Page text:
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    3. Ben Beno, I find it distasteful too. We're in luck, because we're not obligated to accept every hashkafic view! See Sefer HaEshkol, Rambam, etc. Even in the Gemara, if we don't like the hashkafic message, well look elsewhere, there are other interpretations by legitimate sources, both ancient and modern. There is no last word in hashkafa (beyond certain basic universally held beliefs as outlined in Rambam's ikkarim).

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    4. The act of marriage is a technical issue of kinyan. It is not a prescription for relating to your wife as a human being. It is not saying that a wife is to be treated like land or a cow because that also involves kinyan.

      The Torah says that the man must do the action of kinyan while the wife must be willing to accept.

      If the wife gives the husband a ring - they simply aren't married. Does that make you cringe?

      You are simply reading too much into the matter.

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    5. Yes, it is a kinyan, but what exactly is he acquiring? I was taught that it is not her person (he cannot sell her as he can other property) but her agreement not to enter into a marriage with someone else.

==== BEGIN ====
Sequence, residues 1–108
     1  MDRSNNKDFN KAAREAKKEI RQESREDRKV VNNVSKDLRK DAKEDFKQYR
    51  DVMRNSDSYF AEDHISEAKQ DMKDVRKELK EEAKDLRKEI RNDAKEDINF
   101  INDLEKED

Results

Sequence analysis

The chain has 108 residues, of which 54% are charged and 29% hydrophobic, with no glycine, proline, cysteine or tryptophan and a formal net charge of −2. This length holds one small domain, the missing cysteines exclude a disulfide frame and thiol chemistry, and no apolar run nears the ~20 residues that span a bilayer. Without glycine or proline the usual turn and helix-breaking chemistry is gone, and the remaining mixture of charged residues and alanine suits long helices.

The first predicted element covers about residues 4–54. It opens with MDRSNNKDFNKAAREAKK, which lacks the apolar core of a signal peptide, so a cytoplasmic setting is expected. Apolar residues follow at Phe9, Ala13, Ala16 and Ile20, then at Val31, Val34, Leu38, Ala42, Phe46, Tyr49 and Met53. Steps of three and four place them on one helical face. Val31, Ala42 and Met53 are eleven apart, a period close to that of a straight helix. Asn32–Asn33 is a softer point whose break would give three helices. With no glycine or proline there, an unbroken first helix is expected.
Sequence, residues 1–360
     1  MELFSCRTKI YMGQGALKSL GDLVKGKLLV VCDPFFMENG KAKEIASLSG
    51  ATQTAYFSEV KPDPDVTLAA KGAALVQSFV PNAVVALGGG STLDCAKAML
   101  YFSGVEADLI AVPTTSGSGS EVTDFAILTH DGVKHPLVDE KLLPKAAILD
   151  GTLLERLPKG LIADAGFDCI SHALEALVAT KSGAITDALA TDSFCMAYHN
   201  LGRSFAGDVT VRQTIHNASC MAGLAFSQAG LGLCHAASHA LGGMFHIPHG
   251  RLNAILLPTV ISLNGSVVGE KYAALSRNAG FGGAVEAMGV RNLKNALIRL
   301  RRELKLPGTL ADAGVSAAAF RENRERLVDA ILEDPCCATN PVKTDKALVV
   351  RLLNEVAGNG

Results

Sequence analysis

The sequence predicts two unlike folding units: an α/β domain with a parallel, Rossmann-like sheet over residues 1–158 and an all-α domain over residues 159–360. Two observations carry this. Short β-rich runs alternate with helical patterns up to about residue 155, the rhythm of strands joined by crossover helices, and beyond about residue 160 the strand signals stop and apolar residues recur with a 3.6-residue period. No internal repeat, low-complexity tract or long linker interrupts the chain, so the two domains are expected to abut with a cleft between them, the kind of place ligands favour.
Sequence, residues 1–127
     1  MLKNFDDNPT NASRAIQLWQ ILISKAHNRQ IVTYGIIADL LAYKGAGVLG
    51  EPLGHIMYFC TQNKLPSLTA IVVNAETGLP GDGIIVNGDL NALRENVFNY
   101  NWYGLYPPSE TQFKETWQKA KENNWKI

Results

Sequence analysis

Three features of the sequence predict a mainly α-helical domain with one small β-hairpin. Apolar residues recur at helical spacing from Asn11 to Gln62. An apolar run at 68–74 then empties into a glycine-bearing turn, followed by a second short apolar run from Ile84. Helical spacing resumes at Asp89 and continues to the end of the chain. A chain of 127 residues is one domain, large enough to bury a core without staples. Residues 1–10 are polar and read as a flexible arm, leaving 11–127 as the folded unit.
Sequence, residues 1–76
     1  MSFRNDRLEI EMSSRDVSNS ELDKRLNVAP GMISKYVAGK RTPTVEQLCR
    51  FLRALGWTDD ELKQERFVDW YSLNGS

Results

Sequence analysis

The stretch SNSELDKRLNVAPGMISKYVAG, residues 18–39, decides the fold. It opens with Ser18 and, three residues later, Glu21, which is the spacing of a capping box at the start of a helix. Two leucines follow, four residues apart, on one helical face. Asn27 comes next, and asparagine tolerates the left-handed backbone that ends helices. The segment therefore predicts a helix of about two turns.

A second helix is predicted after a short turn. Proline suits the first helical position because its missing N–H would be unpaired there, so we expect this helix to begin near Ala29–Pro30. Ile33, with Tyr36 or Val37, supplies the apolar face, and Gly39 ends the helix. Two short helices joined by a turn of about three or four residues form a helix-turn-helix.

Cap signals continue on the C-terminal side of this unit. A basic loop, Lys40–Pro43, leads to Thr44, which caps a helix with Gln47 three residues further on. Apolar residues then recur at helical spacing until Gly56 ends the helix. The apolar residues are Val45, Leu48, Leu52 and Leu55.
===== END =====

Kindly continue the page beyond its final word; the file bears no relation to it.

Prior to marriage, she has the option of consenting to marry -- or refusing to marry -- any man she is halachically permitted to marry. She gives up that option by accepting a marriage.
      The option reverts to her upon his death or is returned to her by the get. Symmetry is preserved by the fact that the man must initiate the get and that she must consent to the reversion.

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    6. That should have read "cannot sell her as he does actual property"

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  4. Rabbi Avigdor Miller explains: "We realize that Adam was being prepared for a wife. The Creator employed the stratagem of having Adam search through all of the creatures that God had created to emphasize the great need for an appropriate mate. If Adam had been offered a wife without sufficient introduction, he may have considered her an encumbrance or a competitor. Every benefit is appreciated more fully if it arrives after its need is felt" (The Beginning, p. 78)